To most Westerners, Japanese samurai films show Japan after the Tokugawa Shogunate–from about 1600 and onward–replete with two-sword retainers with shaved pates, clean shaven for the most part, and living in a very regimented society with strict adherence to the rules set down by the Shogunate. But like my earlier post, “Murasaki’s World – Heian Japan,” Japan was different then, as were the warriors. Some examples: the warriors wore less sophisticated armor than in later periods, but still unmistakable Japanese. Men sported beards and full manes of hair.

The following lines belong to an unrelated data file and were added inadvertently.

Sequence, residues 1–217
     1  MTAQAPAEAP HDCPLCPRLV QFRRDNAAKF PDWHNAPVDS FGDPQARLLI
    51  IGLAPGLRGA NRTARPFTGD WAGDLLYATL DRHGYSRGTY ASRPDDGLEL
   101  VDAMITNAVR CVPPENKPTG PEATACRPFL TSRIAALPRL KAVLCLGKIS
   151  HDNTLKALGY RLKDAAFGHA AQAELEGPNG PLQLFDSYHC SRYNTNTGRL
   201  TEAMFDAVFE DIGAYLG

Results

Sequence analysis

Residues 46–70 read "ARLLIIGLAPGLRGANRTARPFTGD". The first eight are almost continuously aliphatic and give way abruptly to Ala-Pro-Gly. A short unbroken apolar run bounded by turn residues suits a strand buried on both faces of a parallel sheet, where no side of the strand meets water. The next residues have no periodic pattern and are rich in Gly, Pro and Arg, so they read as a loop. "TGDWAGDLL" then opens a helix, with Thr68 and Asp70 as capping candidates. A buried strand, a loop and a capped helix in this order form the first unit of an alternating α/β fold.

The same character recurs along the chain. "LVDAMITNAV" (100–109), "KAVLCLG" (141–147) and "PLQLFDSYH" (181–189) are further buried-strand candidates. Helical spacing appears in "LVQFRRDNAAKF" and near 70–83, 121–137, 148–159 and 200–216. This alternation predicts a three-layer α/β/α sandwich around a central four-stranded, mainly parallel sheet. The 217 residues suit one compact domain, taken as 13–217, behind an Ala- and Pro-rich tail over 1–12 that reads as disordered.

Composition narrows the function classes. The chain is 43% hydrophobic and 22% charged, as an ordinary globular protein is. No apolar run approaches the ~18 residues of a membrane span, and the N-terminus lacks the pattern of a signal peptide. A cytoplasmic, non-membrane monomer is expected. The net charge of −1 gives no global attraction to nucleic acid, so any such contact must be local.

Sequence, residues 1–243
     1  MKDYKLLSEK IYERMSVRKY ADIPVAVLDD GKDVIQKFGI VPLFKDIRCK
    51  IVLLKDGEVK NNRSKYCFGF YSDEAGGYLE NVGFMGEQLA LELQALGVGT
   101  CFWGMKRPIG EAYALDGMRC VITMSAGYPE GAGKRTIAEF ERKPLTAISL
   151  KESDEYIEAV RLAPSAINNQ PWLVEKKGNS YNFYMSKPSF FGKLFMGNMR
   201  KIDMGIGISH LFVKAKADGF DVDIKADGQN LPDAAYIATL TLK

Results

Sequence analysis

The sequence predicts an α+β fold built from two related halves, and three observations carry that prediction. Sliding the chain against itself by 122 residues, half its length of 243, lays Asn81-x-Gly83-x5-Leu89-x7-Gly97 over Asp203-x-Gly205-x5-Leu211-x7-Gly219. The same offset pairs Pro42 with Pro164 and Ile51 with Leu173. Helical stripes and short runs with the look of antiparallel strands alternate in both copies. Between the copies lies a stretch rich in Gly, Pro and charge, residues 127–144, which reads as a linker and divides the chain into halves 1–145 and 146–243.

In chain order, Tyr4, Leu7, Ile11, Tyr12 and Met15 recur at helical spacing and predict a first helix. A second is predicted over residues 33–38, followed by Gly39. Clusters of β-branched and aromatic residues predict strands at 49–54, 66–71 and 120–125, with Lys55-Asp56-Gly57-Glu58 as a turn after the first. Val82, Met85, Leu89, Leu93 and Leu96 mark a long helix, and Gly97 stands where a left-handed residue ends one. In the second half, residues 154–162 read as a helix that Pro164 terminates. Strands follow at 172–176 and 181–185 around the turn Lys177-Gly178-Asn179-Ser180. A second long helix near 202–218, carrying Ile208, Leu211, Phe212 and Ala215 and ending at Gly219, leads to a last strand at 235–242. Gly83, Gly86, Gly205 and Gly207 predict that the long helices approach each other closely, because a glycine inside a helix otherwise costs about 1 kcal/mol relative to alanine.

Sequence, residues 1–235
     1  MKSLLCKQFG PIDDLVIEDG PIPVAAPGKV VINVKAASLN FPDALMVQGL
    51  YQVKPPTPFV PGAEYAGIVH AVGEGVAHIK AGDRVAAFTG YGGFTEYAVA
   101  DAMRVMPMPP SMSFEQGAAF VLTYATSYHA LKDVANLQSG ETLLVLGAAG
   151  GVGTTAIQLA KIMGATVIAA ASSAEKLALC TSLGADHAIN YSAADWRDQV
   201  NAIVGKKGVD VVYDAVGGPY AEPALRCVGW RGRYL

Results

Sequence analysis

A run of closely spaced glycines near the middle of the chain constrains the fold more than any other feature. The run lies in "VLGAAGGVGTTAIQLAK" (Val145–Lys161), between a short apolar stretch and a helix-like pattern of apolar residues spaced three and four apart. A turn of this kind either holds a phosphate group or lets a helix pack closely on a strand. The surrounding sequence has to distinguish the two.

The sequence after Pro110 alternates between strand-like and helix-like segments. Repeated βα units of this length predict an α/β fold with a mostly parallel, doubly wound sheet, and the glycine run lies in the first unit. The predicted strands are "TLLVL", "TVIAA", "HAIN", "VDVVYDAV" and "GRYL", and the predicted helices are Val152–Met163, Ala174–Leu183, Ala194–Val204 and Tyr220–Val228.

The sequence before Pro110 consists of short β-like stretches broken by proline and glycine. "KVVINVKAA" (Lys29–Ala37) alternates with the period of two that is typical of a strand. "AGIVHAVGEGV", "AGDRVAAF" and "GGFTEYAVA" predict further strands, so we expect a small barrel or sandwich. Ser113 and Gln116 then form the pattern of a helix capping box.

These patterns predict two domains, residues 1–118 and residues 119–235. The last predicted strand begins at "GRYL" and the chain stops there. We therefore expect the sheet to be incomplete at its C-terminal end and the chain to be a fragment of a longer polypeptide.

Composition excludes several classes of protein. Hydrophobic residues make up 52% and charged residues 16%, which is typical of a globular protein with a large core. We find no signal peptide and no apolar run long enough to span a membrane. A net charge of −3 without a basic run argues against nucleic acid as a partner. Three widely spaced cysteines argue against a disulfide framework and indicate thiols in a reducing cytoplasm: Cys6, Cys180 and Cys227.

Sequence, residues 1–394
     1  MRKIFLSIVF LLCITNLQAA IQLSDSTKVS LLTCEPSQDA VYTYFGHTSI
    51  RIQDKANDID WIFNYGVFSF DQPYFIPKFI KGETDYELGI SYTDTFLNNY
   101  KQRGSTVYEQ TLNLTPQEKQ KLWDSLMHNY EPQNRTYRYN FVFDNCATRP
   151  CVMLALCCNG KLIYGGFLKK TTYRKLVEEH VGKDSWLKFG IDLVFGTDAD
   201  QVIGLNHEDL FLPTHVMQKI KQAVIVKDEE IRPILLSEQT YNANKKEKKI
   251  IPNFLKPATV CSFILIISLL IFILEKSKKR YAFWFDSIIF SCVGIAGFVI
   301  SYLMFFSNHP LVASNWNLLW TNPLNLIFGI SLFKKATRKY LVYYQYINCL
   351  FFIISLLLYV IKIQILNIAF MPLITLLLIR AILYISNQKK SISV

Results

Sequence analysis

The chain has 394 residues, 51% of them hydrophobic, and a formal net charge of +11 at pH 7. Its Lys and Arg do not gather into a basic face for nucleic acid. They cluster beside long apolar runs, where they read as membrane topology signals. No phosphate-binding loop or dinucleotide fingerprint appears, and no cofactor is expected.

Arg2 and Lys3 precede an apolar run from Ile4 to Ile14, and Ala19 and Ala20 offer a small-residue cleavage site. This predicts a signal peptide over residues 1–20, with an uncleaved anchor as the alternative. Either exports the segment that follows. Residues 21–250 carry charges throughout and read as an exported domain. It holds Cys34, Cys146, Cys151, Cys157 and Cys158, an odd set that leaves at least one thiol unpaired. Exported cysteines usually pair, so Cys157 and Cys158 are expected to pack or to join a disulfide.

One film that captures some of this is Kobayashi’s 1964 classic film, Kwaidan. In the third segment, Hoichi the Earless. Though the battle is poetically filmed, the costumes and look speak for themselves.
I include a clip from Kwaidan that is available on YouTube.
Katherine M. Lawrence is the author of the Sword of the Taka Samurai book series about a young woman samurai who lived in 12th-century Japan. Four of Katherine’s books—Cold Saké, Cold Blood, Cold Rain, and Cold Heart—are out in paperback, ebook, and audiobook formats, and Cold Trail is available for pre-order.
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